The steam injector may be provided with an insulating coating on the product contact surfaces, or may be made entirely from an insulating material, e.g. Teflon.
The processing pipe may be maintained at a temperature of at least 160° F. by a jacketed wall through which water flows at a temperature of at least 160° F.
The means for preventing product below 160° F. from entering the jacketed process pipe line and from entering the filler may be provided by divert valves and temperature transmitters positioned upstream of the jacketed pipe line and the filler which sense the temperature and send a signal to the divert valves. If the temperature of the product recorded by the temperature transmitter is below 160° F. after exiting the steam injector or after exiting the jacketed pipe line, the product will be diverted back to the kettle for rework by the divert valves. The signal from the temperature transmitter may also be used to control process temperature via a computer which controls the position of the steam valve of the steam injector.
The following Example further illustrates the present invention.
A regular pesto sauce contains the following ingredients: basil, Parmesan cheese, olive oil, canola oil, low-lactose whey, spices, walnuts, butter, Romano cheese, pine nuts, salt, garlic puree, sugar and water. The total fat content is 39% and the moisture content is 30% and the water activity is 0.93-0.94. In combination with the thermal process, water activity in this range is restrictive to the outgrowth of spoilage and pathogenic microorganisms which may limit the shelf life of this product during refrigerated storage.
A reduced fat pesto sauce is prepared by using similar ingredients to those for the above regular pesto sauce except that no butter is added and less olive and canola oil is added so that the total fat content is 29%, the reduction in fat content being made up by water which is added to give a moisture content of 40%. An increased amount of low-lactose whey is added which together with the salt acts as a humectant to control the water activity to a value of 0.94-0.95. Microbiological challenge investigations demonstrated that reduced-fat pesto at or below this water activity range would restrict the outgrowth during refrigerated storage of spoilage or pathogenic organisms surviving the thermal process.
The process of manufacture of a reduced fat pesto sauce from mixing the ingredients to the filler will now be described with reference to FIG. 1 of the accompanying drawing. The reduced fat pesto ingredients are mixed or precooked in a kettle 10 for 1 minute at 95° F. The mixed or precooked ingredients are then pumped by a positive displacement pump 11 at a predetermined rate for processing to the filler (not shown) firstly through a steam injector 12 built by Pick Heaters Inc. Model SC-10LF comprising an injector tube made of Teflon and supplied with steam whose flow is controlled by a steam valve 13. The steam is fed to the interior of the injector tube and then through holes to the outside of the tube which is immersed in the cooked ingredients. The cooked ingredients are heated to 160° F. in the steam injector tube and then pumped downstream past a process temperature control transmitter 14 which senses the product temperature and sends a signal to a Programmable Logic Controller (PLC--not shown), a computer which controls the process events and which controls the position of the steam valve 13 for temperature control and also a divert valve 15 which diverts the product back to the kettle 10 for rework if the product temperature is below 160° F. The PLC has the ability of PID control--a control loop which includes Proportion, Integration and Derivative designed to maintain process conditions at set points. The product is further pumped downstream to a jacketed process pipe line 16 maintained at 160° F. by hot water flowing through the jacketed wall at 160° F. to maintain the product at 160° F. The product is further pumped downstream past a process temperature control transmitter 17 which senses the product temperature and sends a signal to a PLC (not shown) which controls a divert valve 18 which diverts the product back to the kettle 10 for rework if the product temperature is below 160° F. Finally the product is pumped to the filler, the time taken for the product to be conveyed from the kettle to the filler being 1 minute.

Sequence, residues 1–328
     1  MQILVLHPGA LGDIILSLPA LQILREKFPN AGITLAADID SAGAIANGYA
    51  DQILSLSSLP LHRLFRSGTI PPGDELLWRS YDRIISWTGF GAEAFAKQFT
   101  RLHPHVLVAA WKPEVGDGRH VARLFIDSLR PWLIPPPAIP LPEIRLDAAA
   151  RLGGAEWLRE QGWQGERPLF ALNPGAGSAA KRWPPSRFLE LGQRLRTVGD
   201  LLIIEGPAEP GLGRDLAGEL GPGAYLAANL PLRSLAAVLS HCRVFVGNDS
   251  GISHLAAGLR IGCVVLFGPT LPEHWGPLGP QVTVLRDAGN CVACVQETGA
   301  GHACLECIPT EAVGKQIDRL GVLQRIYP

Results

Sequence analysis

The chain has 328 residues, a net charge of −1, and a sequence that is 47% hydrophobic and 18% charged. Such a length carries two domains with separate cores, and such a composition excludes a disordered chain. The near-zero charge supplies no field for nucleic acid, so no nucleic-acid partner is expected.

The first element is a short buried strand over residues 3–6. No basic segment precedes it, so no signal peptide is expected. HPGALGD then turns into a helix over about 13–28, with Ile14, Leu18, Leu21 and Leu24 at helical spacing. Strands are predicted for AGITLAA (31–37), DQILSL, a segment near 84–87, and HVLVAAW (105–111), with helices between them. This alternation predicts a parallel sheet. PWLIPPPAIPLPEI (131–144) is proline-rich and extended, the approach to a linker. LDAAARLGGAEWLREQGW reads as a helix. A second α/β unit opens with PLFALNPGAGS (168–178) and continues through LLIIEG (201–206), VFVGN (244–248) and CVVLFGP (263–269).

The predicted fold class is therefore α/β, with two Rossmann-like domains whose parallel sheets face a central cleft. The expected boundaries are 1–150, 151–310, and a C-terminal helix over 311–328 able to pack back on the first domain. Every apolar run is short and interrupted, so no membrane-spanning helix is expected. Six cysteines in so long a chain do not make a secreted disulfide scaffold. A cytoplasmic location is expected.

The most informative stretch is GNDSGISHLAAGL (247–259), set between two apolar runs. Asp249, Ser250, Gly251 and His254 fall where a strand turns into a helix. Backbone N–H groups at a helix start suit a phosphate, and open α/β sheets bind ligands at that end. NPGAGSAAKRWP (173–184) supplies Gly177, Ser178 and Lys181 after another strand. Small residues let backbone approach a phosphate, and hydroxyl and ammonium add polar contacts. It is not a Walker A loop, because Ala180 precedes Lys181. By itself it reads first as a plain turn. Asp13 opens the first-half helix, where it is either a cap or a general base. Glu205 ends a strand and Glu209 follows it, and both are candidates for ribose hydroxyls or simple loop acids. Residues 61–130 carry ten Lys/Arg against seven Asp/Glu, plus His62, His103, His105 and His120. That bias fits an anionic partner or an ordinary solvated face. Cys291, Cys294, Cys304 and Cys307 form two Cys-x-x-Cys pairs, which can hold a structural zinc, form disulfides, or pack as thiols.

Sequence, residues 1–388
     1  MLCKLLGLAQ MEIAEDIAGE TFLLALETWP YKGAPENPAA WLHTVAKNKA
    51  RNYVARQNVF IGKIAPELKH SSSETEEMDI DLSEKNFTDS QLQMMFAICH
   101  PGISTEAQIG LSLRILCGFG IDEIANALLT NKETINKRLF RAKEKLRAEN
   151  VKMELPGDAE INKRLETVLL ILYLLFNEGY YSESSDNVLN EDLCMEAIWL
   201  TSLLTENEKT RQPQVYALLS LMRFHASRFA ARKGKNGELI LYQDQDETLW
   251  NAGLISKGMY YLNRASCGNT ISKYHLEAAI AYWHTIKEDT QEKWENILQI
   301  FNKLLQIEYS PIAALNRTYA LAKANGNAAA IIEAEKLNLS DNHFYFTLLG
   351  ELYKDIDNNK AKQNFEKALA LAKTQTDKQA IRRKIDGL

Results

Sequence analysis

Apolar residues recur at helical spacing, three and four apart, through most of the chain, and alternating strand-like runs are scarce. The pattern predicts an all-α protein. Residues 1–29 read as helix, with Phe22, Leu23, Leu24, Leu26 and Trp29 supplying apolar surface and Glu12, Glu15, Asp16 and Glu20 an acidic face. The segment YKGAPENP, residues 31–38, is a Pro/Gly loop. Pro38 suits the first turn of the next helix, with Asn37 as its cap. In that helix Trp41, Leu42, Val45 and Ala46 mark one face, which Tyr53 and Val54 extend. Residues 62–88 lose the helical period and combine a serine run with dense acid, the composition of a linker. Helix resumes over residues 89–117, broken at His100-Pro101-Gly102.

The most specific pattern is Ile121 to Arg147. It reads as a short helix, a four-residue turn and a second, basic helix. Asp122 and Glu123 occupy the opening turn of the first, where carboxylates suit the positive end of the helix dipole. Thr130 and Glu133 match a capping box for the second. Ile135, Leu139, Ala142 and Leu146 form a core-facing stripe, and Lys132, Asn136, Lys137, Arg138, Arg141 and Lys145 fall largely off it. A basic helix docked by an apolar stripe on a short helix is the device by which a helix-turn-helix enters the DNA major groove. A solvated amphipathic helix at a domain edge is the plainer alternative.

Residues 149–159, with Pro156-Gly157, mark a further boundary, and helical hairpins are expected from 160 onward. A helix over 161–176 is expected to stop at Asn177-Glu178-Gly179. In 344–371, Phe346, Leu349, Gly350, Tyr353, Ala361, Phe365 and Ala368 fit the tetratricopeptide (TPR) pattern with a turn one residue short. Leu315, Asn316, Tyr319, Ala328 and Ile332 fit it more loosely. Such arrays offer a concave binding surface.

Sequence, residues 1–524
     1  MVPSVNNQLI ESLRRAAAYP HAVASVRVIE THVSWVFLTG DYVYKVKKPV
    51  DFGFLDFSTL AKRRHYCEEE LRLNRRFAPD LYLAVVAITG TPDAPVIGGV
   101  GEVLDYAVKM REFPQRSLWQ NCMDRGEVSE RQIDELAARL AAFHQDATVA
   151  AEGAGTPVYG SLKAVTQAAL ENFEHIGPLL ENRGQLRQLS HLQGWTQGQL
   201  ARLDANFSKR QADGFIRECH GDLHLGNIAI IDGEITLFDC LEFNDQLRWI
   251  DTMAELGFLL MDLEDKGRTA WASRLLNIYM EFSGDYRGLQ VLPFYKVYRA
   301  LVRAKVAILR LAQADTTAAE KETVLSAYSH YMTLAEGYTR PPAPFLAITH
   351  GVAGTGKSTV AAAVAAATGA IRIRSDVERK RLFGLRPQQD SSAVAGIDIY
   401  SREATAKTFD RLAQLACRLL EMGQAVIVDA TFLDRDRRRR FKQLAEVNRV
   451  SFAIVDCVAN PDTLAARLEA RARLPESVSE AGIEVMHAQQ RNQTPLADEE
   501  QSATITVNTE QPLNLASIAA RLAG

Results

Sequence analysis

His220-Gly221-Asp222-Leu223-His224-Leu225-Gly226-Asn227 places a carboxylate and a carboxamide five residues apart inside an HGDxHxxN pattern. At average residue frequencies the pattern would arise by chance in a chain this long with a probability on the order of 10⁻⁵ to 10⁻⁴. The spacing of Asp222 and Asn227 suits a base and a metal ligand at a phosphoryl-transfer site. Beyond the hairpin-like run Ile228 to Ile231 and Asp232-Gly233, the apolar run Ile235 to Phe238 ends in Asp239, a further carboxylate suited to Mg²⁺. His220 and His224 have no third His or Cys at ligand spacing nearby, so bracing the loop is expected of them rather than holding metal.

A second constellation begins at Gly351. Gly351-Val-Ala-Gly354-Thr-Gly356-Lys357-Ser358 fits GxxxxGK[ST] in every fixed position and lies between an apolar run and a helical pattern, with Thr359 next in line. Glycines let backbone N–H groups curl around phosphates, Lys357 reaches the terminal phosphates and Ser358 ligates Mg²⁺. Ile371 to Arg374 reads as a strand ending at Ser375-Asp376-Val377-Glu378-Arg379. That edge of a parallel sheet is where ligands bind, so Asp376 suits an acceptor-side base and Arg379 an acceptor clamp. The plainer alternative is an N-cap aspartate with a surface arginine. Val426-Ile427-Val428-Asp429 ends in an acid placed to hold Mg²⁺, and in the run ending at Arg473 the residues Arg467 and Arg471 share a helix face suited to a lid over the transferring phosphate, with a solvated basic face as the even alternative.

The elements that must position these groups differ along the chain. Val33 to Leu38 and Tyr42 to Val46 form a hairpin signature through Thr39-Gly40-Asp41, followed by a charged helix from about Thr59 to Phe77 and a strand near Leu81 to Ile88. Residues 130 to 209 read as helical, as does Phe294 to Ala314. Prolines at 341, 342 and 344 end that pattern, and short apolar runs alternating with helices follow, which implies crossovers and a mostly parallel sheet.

After filling into packages, the pesto sauce is refrigerated and has a very desirable green colour with excellent storage stability of a 50 day shelf life.
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|U.S. Classification||426/589, 99/348, 426/601|
|International Classification||A23L1/307, A23L1/39|
|Dec 9, 1997||AS||Assignment|
Owner name: NESTEC S.A., SWITZERLAND
Free format text: ASSIGNMENT OF ASSIGNORS INTEREST;ASSIGNORS:HARDMAN, JANE H.;HERRICK, JAMES PETER;JACKSON, TIMOTHY COURT;AND OTHERS;REEL/FRAME:008935/0087;SIGNING DATES FROM 19971021 TO 19971205
|Mar 31, 2003||FPAY||Fee payment|
Year of fee payment: 4
|Mar 30, 2007||FPAY||Fee payment|
Year of fee payment: 8
|May 30, 2011||REMI||Maintenance fee reminder mailed|
|Oct 26, 2011||LAPS||Lapse for failure to pay maintenance fees|
|Dec 13, 2011||FP||Expired due to failure to pay maintenance fee|
Effective date: 20111026